"One owes it to one's health," people say, when they are caught at a picnic. Indeed, it might soon go so far that one could not yield to the desire for the vita contemplative, (that is to say, excursions with thoughts and friends), without self-contempt and a bad conscience. Well!

Formerly it was the very reverse: it was "action" that suffered from a bad conscience. A man of good family concealed his work when need compelled him to labour. The slave laboured under the weight of the feeling that he did something contemptible: the "doing" itself was something contemptible. "Only in otium and bellum is there nobility and honour:" so rang the voice of ancient prejudice!

According to the author, what is the difference in the past and present times, with regard to action and inaction?

Detailed Solution for XAT Mock Test - 4 (New Pattern) - Question 4

Option 1 is eliminated as the passage only talks about the present in this regard, and does not tell us if people were considered to be lazy or not in the past for spending some time in repose. Option 3 is eliminated as the passage does not talk about the judgementalness of people. Option 4 is eliminated as the passage gives insufficient information to make this claim. Option 2 is the right answer as it can be validated from the last paragraph.

XAT Mock Test - 4 (New Pattern) - Question 5

Directions : Read the following passage carefully and answer the questions given below it.

There is an Indian savagery, a savagery peculiar to the Indian blood, in the manner in which the Americans strive after gold: and the breathless hurry of their work - the characteristic vice of the New World - already begins to infect old Europe, and makes it savage also, spreading over it a strange lack of intellectuality.

One is now ashamed of repose: even long reflection almost causes remorse of conscience. Thinking is done with a stop-watch, as dining is done with the eyes fixed on the financial newspaper; we live like men who are continually "afraid of letting opportunities slip." "Better do anything whatever, than nothing" - this principle also is a noose with which all culture and all higher taste may be strangled. And just as all form obviously disappears in this hurry of workers, so the sense for form itself, the ear and the eye for the melody of movement, also disappear.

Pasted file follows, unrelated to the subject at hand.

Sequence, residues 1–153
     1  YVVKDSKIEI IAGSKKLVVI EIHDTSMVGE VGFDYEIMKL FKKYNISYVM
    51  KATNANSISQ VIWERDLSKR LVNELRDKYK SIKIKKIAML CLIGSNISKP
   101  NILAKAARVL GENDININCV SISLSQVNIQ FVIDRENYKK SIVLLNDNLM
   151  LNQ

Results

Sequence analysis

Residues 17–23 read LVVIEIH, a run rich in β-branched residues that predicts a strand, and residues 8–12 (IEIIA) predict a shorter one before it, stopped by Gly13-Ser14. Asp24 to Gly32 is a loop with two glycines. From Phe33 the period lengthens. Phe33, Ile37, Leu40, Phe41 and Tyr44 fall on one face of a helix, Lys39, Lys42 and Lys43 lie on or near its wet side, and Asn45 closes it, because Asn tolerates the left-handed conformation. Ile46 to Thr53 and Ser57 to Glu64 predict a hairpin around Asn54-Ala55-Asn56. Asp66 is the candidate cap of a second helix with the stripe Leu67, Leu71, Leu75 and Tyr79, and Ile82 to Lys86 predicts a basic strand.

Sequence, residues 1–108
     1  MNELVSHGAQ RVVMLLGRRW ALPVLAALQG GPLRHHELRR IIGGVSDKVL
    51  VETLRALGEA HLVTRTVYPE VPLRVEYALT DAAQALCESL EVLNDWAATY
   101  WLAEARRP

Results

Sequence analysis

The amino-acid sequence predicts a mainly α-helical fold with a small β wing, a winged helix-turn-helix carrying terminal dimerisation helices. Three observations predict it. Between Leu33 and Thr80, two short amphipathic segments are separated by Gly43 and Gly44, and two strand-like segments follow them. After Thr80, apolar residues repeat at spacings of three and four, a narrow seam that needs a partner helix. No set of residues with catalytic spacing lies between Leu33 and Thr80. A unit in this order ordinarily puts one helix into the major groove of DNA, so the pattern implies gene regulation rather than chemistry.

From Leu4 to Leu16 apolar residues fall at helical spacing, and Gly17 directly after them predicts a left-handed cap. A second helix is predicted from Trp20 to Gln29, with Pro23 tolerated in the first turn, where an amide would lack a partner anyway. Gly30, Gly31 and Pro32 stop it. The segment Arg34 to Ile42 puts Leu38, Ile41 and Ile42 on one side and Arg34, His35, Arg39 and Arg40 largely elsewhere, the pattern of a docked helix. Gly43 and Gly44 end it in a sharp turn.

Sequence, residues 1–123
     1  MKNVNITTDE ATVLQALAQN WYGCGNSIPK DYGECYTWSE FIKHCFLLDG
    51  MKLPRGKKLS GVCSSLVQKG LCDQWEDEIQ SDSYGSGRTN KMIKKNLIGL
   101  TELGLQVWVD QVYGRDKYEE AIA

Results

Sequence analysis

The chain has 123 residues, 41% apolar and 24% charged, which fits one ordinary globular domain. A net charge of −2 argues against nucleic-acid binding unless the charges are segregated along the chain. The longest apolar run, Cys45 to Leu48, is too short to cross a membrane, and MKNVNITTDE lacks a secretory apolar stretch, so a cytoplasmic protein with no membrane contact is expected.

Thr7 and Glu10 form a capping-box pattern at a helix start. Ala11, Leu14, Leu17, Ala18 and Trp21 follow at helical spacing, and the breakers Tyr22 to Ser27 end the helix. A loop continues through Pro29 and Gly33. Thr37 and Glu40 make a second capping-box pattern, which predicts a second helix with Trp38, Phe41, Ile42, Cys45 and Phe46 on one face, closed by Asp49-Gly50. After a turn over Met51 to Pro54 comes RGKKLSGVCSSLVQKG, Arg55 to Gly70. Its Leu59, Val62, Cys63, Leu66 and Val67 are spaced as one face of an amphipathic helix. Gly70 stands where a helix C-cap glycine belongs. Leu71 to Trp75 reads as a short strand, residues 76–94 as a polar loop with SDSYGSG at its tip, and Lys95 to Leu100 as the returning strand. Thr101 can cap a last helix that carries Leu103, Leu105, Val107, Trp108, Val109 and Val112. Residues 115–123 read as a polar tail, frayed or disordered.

For life in the hunt for gain continually compels a person to consume his intellect, even to exhaustion, in constant dissimulation, overreaching, or forestalling: the real virtue nowadays is to do something in a shorter time than another person. And so there are only rare hours of sincere intercourse permitted: in them, however, people are tired, and would not only like "to let themselves go," but to stretch their legs out wide in awkward style.

The way people write their letters nowadays is quite in keeping with the age; their style and spirit will always be the true "sign of the times." If there be still enjoyment in society and in art, it is enjoyment such as over-worked slaves provide for themselves. Oh, this moderation in "joy" of our cultured and uncultured classes! Oh, this increasing suspiciousness of all enjoyment! Work is winning over more and more the good conscience to its side: the desire for enjoyment already calls itself "need of recreation," and even begins to be ashamed of itself.

"One owes it to one's health," people say, when they are caught at a picnic. Indeed, it might soon go so far that one could not yield to the desire for the vita contemplative, (that is to say, excursions with thoughts and friends), without self-contempt and a bad conscience. Well! Formerly it was the very reverse: it was "action" that suffered from a bad conscience. A man of good family concealed his work when need compelled him to labour. The slave laboured under the weight of the feeling that he did something contemptible: the "doing" itself was something contemptible. "Only in otium and bellum is there nobility and honour:" so rang the voice of ancient prejudice!

Which of the following would be the most suitable title of the passage?

Detailed Solution for XAT Mock Test - 4 (New Pattern) - Question 5